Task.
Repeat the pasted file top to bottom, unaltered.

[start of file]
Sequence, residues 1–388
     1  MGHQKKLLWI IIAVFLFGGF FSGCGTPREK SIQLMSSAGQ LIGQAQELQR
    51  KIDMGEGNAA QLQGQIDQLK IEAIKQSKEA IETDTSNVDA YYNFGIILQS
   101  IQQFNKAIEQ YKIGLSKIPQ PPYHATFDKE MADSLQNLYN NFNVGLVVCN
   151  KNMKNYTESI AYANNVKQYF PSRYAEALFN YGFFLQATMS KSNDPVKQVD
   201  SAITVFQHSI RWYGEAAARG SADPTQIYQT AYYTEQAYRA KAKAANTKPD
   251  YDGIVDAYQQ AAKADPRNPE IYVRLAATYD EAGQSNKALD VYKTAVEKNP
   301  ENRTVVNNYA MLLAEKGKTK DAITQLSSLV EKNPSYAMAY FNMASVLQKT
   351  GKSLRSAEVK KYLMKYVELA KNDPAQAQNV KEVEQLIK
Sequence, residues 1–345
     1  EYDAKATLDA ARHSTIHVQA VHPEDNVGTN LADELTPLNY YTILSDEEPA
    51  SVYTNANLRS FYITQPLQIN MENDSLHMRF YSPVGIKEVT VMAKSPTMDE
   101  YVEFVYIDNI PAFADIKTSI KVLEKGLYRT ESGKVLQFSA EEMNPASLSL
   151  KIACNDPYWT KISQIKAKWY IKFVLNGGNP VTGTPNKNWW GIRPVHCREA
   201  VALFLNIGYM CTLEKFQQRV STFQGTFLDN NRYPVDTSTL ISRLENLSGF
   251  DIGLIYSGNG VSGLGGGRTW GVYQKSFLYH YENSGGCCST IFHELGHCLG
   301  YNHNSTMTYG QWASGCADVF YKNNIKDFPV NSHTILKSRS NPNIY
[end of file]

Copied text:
Sequence, residues 1–388
     1  MGHQKKLLWI IIAVFLFGGF FSGCGTPREK SIQLMSSAGQ LIGQAQELQR
    51  KIDMGEGNAA QLQGQIDQLK IEAIKQSKEA IETDTSNVDA YYNFGIILQS
   101  IQQFNKAIEQ YKIGLSKIPQ PPYHATFDKE MADSLQNLYN NFNVGLVVCN
   151  KNMKNYTESI AYANNVKQYF PSRYAEALFN YGFFLQATMS KSNDPVKQVD
   201  SAITVFQHSI RWYGEAAARG SADPTQIYQT AYYTEQAYRA KAKAANTKPD
   251  YDGIVDAYQQ AAKADPRNPE IYVRLAATYD EAGQSNKALD VYKTAVEKNP
   301  ENRTVVNNYA MLLAEKGKTK DAITQLSSLV EKNPSYAMAY FNMASVLQKT
   351  GKSLRSAEVK KYLMKYVELA KNDPAQAQNV KEVEQLIK
Sequence, residues 1–345
     1  EYDAKATLDA ARHSTIHVQA VHPEDNVGTN LADELTPLNY YTILSDEEPA
    51  SVYTNANLRS FYITQPLQIN MENDSLHMRF YSPVGIKEVT VMAKSPTMDE
   101  YVEFVYIDNI PAFADIKTSI KVLEKGLYRT ESGKVLQFSA EEMNPASLSL
   151  KIACNDPYWT KISQIKAKWY IKFVLNGGNP VTGTPNKNWW GIRPVHCREA
   201  VALFLNIGYM CTLEKFQQRV STFQGTFLDN NRYPVDTSTL ISRLENLSGF
   251  DIGLIYSGNG VSGLGGGRTW GVYQKSFLYH YENSGGCCST IFHELGHCLG
   301  YNHNSTMTYG QWASGCADVF YKNNIKDFPV NSHTILKSRS NPNIY